Nearly two months ago I had a blog posted on the Huffington Post criticizing the advertising campaign for the then-newly released movie Bad Teacher starring Cameron Diaz and Jason Segel. The ad campaign included a television trailer implying the drop in America's educational ranking around the world is because of bad teachers, such as the character Cameron Diaz portrayed in the film. I had no way of knowing the ramifications of what I had written, or that it would, pardon my truthful cliché, change my life.
I awoke the morning after the post had been published and started my routine like any other day: debating whether the previous night's sleep would be better shaken off by drinking the coffee I had made or by simply splashing it in my face. Before I had a chance to finish that debate, my eyes lost focus when I signed into my email account. Staring me down from my laptop monitor was an email inbox stuffed with hundreds of emails responding to the Bad Teacher critique. Now, I get the occasional message or two. And I always appreciate when my mom sends me a funny joke she heard, or when my best friend, an individual who recently earned his MD, sends me updates on his obsession, Carrie Fisher, the actress of Star Wars fame (it's weird). But never in my life have I received hundreds of emails in such a short span of time.
After opening the first few messages sent to me, one thing became inherently clear: there were a lot of individuals in the educational field with quite a bit on their mind. Each email I opened had a different perspective and a different tale, though the tone was nearly always the same, and it wasn't positive. Stories of troubled school districts and uncertain futures came in rolling waves, and it seemed that every email I read produced two new ones in its place. At that point my mind was made up: I would respond to each and every message I received. If an individual I didn't even know was willing to open their life up to me, the very least I could do was let them know I was there and listening -- that their trust had not fallen upon deaf ears or uncaring eyes.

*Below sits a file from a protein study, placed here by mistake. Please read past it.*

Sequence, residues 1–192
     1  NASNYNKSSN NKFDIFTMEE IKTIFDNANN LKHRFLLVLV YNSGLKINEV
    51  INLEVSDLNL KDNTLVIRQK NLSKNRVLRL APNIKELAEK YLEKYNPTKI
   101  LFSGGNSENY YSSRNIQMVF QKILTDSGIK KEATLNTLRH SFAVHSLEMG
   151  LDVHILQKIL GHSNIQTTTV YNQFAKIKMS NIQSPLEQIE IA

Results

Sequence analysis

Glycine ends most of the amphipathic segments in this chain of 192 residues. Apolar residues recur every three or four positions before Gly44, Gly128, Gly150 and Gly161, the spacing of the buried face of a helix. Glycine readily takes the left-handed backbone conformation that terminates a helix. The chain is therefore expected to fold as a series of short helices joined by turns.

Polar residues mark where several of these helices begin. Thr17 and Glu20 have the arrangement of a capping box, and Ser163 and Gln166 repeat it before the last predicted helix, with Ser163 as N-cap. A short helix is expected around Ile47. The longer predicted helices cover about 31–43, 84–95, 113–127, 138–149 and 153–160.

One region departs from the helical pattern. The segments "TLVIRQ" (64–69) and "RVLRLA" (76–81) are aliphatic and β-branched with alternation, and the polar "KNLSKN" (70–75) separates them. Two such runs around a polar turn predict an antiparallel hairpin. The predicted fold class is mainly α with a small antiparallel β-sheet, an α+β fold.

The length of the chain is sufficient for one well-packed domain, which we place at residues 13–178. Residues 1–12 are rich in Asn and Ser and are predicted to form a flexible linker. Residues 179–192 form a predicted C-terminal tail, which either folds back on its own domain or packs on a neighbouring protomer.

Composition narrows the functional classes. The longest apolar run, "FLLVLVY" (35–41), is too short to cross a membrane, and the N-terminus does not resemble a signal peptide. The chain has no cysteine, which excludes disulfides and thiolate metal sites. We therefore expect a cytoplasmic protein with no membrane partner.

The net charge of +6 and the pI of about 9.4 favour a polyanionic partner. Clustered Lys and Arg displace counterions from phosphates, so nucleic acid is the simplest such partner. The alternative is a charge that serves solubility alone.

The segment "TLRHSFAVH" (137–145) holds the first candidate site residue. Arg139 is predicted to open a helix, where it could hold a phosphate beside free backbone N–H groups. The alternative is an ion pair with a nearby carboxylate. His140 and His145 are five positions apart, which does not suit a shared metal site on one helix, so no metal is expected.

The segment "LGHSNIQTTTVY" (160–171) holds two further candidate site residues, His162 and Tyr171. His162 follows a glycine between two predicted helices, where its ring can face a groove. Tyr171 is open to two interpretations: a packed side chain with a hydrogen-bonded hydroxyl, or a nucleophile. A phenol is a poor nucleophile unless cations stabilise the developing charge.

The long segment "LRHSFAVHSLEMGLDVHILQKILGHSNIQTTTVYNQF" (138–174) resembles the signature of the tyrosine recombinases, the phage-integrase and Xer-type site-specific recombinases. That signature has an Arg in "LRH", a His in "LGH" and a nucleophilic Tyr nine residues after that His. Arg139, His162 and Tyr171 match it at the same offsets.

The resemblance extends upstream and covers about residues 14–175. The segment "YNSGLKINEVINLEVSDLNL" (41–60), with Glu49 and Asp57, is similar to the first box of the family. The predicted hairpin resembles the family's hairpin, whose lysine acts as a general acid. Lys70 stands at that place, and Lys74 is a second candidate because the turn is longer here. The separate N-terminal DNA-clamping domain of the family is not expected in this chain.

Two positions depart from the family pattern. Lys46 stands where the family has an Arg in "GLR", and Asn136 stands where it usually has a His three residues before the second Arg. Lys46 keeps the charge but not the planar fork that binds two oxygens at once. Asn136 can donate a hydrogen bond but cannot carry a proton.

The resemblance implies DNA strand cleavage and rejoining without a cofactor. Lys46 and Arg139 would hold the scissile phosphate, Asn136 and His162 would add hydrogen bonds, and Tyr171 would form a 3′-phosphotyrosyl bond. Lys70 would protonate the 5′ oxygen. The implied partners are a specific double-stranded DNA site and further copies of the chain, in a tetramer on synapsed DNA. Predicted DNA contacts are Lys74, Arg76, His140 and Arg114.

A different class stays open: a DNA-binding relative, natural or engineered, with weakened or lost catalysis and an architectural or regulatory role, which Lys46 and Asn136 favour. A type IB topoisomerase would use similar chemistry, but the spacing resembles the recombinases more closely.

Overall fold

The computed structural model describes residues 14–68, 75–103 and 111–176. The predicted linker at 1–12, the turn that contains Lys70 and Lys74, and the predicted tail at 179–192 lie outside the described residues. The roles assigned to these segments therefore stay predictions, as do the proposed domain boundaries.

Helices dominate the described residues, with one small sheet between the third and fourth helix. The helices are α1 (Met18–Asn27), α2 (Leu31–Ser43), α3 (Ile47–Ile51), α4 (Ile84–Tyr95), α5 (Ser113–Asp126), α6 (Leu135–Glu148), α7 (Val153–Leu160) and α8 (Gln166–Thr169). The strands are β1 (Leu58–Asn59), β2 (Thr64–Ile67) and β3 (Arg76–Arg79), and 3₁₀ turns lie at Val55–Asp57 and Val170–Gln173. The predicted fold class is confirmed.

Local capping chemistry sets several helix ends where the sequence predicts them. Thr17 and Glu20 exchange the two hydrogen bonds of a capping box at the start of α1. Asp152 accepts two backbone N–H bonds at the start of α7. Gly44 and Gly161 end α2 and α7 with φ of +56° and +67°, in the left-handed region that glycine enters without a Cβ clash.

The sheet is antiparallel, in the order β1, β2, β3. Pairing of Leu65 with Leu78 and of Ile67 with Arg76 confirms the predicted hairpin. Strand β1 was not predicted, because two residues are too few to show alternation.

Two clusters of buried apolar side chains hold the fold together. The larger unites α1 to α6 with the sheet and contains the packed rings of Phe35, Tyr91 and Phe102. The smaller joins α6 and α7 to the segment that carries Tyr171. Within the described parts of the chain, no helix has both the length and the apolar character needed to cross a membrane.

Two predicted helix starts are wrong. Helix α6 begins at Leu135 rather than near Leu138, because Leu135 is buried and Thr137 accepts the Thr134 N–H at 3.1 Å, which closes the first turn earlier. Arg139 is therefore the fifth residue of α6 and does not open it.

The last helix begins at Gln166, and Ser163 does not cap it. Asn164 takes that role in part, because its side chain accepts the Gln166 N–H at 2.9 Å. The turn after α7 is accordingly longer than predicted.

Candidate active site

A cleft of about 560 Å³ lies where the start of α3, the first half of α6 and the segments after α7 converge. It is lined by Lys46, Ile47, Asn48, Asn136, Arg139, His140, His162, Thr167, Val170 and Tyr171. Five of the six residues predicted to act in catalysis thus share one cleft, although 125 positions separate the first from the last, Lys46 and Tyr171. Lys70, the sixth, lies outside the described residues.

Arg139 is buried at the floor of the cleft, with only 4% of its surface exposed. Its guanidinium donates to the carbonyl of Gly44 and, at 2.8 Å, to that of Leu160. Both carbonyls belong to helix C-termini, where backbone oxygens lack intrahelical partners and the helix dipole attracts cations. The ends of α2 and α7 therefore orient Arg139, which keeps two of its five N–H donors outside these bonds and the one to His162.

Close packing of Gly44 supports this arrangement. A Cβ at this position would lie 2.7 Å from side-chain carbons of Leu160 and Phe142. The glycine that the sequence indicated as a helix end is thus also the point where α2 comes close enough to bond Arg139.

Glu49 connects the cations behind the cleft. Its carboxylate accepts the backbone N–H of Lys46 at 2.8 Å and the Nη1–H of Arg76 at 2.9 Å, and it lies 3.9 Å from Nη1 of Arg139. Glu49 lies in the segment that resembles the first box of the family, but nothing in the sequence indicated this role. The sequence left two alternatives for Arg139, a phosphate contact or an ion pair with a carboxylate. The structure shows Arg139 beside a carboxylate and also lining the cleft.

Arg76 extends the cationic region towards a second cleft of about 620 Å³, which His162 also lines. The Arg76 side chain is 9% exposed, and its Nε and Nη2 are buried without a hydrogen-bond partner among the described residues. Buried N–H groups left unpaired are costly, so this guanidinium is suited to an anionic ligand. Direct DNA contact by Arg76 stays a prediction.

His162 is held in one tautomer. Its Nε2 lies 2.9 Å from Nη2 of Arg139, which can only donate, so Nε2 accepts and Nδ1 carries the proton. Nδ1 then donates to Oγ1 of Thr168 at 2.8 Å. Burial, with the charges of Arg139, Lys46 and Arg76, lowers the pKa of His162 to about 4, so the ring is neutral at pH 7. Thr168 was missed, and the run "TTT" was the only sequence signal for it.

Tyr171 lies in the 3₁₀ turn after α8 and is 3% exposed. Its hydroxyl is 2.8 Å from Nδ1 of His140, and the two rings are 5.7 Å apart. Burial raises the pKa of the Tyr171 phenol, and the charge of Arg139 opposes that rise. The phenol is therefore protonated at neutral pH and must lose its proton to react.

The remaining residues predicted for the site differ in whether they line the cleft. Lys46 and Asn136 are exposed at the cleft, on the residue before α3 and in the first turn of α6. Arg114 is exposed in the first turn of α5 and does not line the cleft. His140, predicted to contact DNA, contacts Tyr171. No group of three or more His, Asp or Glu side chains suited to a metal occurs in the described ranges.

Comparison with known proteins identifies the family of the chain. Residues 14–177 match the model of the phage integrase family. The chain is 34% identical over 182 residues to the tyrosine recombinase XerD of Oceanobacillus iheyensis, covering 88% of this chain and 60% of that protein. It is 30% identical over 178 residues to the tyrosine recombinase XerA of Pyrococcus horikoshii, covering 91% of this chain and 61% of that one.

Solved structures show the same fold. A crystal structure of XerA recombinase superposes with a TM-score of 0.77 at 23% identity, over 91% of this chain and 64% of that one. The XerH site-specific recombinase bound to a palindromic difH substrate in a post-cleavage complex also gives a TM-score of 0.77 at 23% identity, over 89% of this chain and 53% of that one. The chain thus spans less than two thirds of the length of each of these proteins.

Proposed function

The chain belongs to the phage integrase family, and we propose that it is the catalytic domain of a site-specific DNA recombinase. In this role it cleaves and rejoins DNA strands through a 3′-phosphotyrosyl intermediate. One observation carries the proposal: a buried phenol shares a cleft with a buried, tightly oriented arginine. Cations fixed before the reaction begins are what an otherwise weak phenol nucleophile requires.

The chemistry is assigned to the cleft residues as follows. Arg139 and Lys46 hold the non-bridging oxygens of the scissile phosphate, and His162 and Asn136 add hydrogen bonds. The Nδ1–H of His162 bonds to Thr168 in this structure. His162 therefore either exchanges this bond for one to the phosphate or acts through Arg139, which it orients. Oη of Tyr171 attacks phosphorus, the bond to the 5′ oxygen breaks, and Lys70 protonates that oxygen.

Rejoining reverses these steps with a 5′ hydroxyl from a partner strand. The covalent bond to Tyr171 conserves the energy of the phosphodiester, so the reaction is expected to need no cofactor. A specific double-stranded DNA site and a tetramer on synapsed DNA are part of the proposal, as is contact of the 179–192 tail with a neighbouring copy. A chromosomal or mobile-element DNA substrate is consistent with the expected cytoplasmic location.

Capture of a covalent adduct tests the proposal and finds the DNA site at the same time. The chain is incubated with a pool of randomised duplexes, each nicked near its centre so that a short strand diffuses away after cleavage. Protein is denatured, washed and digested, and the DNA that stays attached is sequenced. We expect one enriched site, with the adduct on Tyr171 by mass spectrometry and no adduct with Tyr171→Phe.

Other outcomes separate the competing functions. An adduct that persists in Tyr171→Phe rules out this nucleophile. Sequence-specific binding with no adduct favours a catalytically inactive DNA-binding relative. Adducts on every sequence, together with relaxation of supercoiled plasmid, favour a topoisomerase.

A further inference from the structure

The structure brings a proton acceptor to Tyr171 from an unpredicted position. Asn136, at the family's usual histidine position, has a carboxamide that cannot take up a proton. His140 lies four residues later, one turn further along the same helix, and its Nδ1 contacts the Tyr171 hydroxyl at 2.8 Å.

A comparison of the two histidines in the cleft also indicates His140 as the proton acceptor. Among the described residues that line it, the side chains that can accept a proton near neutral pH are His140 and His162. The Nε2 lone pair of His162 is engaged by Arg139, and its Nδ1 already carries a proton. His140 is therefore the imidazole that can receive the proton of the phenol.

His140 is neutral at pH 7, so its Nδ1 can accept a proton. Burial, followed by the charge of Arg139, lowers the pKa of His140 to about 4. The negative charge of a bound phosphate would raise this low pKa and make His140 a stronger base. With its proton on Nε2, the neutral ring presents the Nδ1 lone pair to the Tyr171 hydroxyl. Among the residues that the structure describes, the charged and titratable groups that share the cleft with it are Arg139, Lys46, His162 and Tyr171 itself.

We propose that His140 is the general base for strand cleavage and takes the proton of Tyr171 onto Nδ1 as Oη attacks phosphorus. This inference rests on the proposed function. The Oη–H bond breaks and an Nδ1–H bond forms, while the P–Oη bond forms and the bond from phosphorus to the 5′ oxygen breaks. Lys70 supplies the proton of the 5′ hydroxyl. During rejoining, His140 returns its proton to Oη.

A full week later, as I sent the last response from my inbox's bombardment, I wished I had splashed coffee in my face. At least that way I could better excuse the mist beginning to form in my eyes. Never in my life had so many people confided their innermost fears and frustrations to me. What alarmed me more than anything, however, was the continuous theme of demoralization in their stories. As a recent college graduate who is struggling like so many in the current job market, demoralization was an old acquaintance. The one thing I've learned, though, is the abandonment of hope is dangerous ground. While I have no influence over the job market, I did know I could do everything in my power to help the many who had reached out.
I remembered one of the emails I had exchanged with a teacher named Leslie Needleman from a Philadelphia suburb. We had expressed a similar goal: to create an organization that thanks educators for all that they do. And before either of us truly realized the enormity of what we were attempting, a month of planning had given life to the "You Made A Difference" Campaign, a project where individuals are encouraged to thank educators who have made a difference in their lives.